Since the establishment of the Republic of Cyprus, one of the basic principles of the voluntary industrial relations system is the importance and relevance of tripartite cooperation through the use of social dialogue. The Ministry of Labour and Social Insurance has a large number of tripartite social dialogue bodies functioning under its auspices, dealing with a variety of subjects.
Tripartite Social Dialogue Bodies have real responsibilities and authorities even though their role is advisory. It should be noted that any issue or subject pertaining to work, labour law, employment policy, and any other programmes dealing with the labour market are discussed by the tripartite social dialogue bodies. Furthermore, in the case of examining special issues, then these are dealt with in Tripartite Technical Committees of the interested social dialogue body.
For example, during the process of preparing for the adoption of any new labour legislation, the Labour Advisory Board, appoints a tripartite technical committee, with terms of reference to examine in detail the proposed draft legislation.
The tripartite technical committees are made up of representatives of the trade unions (SEK, PEO, DEOK), and the employers organisations (OEB, KEBE), and are presided by an Officer, or the Director of the Department of Labour Relations.
The usual procedure followed is the discussion of the draft legislations in detail, with each participating organisation expressing and submitting its views and opinions on possible changes/amendments. This procedure is a democratic form of discussing issues that at the end of the day have an effect on the whole population, whether these are employers or employees.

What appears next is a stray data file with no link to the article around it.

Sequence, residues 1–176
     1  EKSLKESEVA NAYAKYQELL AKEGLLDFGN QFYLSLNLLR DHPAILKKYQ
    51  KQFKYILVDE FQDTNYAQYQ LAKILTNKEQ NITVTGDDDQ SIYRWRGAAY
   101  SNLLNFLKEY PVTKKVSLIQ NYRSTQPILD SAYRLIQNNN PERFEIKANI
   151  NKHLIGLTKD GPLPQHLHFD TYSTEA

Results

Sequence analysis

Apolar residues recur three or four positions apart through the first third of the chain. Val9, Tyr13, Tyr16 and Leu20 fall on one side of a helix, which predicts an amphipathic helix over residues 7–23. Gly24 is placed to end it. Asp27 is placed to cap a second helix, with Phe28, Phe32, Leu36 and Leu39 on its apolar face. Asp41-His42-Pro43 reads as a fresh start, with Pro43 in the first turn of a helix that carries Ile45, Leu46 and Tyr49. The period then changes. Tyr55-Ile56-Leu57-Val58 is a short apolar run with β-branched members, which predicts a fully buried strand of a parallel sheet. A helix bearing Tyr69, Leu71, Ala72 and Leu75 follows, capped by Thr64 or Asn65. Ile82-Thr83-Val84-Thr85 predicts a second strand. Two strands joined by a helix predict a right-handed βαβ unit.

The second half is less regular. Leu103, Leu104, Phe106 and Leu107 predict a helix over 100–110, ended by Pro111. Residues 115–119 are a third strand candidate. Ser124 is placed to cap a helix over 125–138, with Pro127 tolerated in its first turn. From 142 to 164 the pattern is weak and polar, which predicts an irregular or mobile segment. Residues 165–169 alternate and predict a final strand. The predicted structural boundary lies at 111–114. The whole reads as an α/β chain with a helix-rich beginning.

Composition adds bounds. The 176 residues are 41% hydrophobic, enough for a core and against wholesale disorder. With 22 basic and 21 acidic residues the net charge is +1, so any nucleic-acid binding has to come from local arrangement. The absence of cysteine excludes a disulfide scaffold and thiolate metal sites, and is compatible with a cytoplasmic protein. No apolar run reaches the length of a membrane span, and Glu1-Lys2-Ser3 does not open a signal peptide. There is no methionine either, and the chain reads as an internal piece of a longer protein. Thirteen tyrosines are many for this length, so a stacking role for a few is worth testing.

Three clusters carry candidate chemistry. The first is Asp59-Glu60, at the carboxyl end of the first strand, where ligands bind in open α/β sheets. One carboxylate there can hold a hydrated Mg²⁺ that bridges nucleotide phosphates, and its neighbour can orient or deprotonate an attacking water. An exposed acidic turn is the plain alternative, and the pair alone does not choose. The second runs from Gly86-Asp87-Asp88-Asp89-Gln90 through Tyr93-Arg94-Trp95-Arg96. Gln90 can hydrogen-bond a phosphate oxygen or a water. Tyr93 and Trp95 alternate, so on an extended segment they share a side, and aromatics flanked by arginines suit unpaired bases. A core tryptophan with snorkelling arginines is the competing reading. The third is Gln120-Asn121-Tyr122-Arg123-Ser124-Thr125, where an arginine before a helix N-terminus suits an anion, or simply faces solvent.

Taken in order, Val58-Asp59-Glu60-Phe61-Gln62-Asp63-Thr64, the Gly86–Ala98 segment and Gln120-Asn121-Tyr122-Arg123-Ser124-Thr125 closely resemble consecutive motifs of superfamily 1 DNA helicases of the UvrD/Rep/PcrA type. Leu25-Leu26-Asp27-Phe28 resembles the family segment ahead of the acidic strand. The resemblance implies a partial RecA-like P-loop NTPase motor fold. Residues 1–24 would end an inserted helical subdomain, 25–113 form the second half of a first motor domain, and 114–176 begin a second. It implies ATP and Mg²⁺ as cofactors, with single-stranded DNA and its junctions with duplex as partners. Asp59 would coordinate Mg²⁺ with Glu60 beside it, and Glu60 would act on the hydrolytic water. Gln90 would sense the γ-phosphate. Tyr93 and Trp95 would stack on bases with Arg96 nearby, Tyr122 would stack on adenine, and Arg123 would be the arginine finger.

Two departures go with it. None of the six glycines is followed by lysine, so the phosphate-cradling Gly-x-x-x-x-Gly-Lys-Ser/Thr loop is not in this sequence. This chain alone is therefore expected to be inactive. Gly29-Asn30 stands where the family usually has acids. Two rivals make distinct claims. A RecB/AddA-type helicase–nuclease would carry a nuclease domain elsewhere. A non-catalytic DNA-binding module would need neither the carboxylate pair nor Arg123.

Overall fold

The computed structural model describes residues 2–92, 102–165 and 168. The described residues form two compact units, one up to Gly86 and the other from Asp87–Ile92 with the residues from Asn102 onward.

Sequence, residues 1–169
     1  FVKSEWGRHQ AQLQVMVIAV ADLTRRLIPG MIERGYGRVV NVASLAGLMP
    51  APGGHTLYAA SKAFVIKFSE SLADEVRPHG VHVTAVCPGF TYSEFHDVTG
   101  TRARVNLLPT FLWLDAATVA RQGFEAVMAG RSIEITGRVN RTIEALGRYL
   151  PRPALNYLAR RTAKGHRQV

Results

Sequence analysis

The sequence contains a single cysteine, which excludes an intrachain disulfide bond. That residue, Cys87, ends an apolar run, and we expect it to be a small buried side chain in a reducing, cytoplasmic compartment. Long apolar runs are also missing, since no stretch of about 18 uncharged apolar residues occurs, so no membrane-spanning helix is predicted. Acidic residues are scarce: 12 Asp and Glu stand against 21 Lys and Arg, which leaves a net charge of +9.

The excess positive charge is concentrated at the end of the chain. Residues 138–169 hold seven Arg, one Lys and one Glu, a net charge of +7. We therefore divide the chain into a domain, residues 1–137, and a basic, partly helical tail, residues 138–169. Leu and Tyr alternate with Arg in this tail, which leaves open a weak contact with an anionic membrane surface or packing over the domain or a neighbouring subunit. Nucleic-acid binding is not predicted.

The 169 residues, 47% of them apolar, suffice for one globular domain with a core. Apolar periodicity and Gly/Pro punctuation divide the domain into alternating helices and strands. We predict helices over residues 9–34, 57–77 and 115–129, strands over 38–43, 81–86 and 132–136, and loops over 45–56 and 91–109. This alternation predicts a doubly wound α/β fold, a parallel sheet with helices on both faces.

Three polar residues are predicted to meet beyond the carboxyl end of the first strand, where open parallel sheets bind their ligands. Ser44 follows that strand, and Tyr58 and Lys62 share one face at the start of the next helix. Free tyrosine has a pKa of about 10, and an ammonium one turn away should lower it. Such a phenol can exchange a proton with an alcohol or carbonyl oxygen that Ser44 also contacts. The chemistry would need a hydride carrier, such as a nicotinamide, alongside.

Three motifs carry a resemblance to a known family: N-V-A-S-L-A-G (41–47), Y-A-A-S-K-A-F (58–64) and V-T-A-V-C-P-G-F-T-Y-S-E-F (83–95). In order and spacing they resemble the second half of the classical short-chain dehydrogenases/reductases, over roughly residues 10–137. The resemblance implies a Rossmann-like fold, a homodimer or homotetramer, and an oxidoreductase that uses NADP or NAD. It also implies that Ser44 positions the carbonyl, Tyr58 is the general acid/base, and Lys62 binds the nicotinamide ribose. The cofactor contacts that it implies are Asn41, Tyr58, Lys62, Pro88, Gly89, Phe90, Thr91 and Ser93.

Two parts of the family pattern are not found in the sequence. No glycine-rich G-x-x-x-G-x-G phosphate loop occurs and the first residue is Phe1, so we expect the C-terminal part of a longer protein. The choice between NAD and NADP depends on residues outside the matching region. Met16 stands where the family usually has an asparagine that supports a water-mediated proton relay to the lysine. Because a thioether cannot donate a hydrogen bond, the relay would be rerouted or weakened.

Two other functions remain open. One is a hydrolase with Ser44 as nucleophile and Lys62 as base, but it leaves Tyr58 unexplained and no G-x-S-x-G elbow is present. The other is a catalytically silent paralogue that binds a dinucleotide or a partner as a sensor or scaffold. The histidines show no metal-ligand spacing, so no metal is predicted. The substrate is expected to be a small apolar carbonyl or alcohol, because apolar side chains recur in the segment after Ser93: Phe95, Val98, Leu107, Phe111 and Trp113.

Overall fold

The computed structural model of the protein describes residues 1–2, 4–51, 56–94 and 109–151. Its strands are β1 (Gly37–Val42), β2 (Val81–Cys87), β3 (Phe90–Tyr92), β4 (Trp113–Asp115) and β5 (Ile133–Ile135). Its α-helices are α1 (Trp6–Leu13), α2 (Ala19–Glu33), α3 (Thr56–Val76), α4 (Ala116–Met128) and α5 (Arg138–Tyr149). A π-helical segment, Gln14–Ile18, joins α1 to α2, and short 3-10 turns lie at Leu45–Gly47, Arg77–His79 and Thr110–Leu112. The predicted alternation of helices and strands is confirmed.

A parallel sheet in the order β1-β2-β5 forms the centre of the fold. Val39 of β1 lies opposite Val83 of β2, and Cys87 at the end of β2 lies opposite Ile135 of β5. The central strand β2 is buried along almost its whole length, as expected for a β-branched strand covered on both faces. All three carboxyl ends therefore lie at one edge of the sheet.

Furthermore, on the basis of conflicting interests that may be expressed by employer and employee organisations, discussions at tripartite technical committees in many cases may take the form of "bargaining", with each side trying to ensure to the best interest for its members. This "bargaining" is considered to be a healthy democratic method of problem solving, since it is the result of dialogue and consultations undertaken by the social partners. This procedure has the effect of preventatively dealing with possible social unrest, disagreements and misunderstandings, thus essentially safeguarding social cohesion.
Apart from the above, it is in many cases that Social Partners have voluntarily reached agreements that have had the result of increasing either terms and conditions of employment, or improving various labour relations practices. Such examples are the signing of the Industrial Relations Code, on the 25th of April 1977, the Agreement between PEO, SEK and OEB on the gradual reduction of working hours, which was signed in 1992, and the signing of the National Plan for Productivity and Health and Safety, signed on the 15th of May 1995, by OEB, CCCI, PEO, SEK, DEOK, POAS and PASYDY, and in 2004, the signing of an Agreement on the Procedure for Labour Disputes in Essential Services.